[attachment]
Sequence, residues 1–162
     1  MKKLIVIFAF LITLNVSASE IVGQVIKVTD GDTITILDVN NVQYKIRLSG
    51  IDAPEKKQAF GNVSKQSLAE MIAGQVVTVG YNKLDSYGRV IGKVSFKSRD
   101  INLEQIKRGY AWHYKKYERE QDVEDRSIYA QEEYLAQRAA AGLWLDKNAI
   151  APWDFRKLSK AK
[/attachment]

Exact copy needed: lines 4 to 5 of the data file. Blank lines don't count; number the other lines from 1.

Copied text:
   101  INLEQIKRGY AWHYKKYERE QDVEDRSIYA QEEYLAQRAA AGLWLDKNAI
   151  APWDFRKLSK AK